Wednesday, July 2, 2008

Is "WALL•E" a Godless Commie, or Just Adorable?

Bill Wyman's new column notes that many critics, although I am surely not among them, ignore the material in "WALL•E" that "[attacks] the American way of life." The claim is fair enough, but one can't help but wonder if there wasn't simply too much interesting stuff going on in Andrew Stanton's film to cover in a short review.

For example, imagine that you're a critic for a major daily, and have 450 words to write on a film that you think is fantastic (as most of "WALL•E's" reviewers do). Because you love the movie so much, you want your readers to go see it to. At this point, you can either talk about issues of exercise or obesity, or you can talk about visual bedazzlement, touching characters and perfect storytelling. Which one would you discuss?

What Wyman misses, however, is that kids movies have somehow become, over the past decade, the safest corner of mainstream cinema for political discourse. He opens his piece with:

If Michael Moore, or Oliver Stone, or, God forbid, some effete French director, had crafted a feature film that was a thinly disguised political broadside portraying Americans as recumbent tubbos who moved around on sliding barcaloungers with built-in video screens and soft drinks always at the ready, don’t you think there’d be some sort of notice taken?

But Pixar does it and …

… the reviewers barely mention it.


The thing is, a new Michael Moore movie is such a hot button issue in itself that everyone has already heard about it in the news by the time reviews run on release day. The interest buzzing around over a new Pixar film isn't its underlying political message, but the anticipated high-quality filmmaking and top-rate entertainment. Maybe reviewers decided to let that remain the headline, and let the audience figure out the underlying messages of lifestyle choices on their own.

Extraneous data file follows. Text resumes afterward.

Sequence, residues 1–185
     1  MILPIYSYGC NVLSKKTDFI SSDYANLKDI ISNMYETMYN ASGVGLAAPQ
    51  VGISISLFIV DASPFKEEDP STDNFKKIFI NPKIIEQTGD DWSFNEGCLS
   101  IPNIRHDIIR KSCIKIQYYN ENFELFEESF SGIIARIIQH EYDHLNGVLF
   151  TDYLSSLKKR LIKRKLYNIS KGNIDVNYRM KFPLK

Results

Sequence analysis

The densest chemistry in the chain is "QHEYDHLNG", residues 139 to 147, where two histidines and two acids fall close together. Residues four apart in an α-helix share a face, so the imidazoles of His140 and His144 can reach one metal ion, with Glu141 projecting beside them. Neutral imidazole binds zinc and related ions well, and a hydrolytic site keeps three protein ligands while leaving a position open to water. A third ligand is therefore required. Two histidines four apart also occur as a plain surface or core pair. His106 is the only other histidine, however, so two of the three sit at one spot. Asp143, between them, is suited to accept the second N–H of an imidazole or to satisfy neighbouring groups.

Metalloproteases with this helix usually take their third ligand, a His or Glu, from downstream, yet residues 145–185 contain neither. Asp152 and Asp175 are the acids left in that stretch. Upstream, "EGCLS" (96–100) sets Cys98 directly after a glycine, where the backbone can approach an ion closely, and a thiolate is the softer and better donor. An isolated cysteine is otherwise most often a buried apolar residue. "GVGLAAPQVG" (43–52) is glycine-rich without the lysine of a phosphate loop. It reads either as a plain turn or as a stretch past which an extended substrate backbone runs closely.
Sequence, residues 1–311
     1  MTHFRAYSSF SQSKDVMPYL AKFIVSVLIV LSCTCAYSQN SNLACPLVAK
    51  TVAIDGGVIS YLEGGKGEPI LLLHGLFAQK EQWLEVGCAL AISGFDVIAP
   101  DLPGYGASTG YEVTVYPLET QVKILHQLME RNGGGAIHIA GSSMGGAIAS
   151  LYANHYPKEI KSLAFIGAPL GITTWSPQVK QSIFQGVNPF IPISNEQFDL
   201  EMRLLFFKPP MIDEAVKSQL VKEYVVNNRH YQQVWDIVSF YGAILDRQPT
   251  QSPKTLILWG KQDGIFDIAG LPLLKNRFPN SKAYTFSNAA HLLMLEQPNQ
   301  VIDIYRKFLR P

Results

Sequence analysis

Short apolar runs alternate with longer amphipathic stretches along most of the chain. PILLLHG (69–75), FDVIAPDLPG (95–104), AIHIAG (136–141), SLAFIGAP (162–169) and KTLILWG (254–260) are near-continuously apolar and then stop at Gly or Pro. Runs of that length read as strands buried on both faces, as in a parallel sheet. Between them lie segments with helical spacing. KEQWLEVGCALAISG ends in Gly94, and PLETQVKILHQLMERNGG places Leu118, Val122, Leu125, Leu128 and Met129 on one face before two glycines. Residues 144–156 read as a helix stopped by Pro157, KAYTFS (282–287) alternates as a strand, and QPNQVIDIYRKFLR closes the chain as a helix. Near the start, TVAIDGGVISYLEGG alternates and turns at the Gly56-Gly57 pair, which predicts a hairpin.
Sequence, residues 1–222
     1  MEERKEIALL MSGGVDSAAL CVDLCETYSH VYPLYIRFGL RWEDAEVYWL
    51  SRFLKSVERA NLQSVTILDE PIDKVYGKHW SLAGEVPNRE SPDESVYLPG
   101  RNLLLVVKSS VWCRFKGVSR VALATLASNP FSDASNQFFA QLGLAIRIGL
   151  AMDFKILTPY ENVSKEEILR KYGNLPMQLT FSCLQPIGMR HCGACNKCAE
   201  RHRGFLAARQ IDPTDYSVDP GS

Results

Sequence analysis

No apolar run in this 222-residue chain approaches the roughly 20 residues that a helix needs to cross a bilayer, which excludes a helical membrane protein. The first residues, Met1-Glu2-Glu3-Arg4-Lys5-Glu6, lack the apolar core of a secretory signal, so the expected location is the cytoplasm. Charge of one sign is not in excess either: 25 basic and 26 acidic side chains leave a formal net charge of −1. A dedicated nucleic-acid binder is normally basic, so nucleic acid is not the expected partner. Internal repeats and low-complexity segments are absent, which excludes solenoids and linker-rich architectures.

Truth is, it's easier to get a political screenplay greenlit when it's "Antz" than when it's "Michael Clayton." Add a dash of whimsy and some cute comedy, and the topics of edgy adult dramas make great stories for the kids. While one would expect blowhard TV pundits to be most concerned about the material that appeals directly to the children, family-oriented movies tend to get a free pass as long as they aren't out to convert the tots to atheism or teach them to hate their religious leaders.

Take for example "Robots," 20th Century Fox's 2005 release from its computer-animation studio. The film comes from the same conglomerate responsible for the Fox News Channel and the New York Post, yet delivers a cry for socialism that would feel at home in an Upton Sinclair novel. The world of "Robots" is one in which corporations care only about the bottom line—where greedy CEOs abuse the downtrodden, lower-class worker robots, then discard them when they are no longer useful. The politics are overt enough before the film's rallying cry of a third act: The robots violently overthrow their corporate overlords, take over the means of production and transform their city into a utopian paradise. By comparison, "WALL•E's" commentary on wastefulness, civic responsibility and obesity seems downright tame.

Perhaps theses radical animation directors tapped into the perfect shield from controversy: the lessons people want to teach their kids. No one really wants to look their kid in the eyes and say, "Sorry Skippy, but if that cute little robot is no longer profitable to the company, it's the CEO's responsibility to discard him. He has to think of the shareholders! And there's nothing wrong with sitting on the couch all day staring at a TV screen—you don't need any exercise. Also, sorry I named you Skippy—I hope you don't get the shit kicked out of you at school." So those who disagree with the underlying political principals probably find it easier to pretend they're not there.

1 comment:

Brent said...

I'm uncomfortable with the subversive political leanings of this blog post.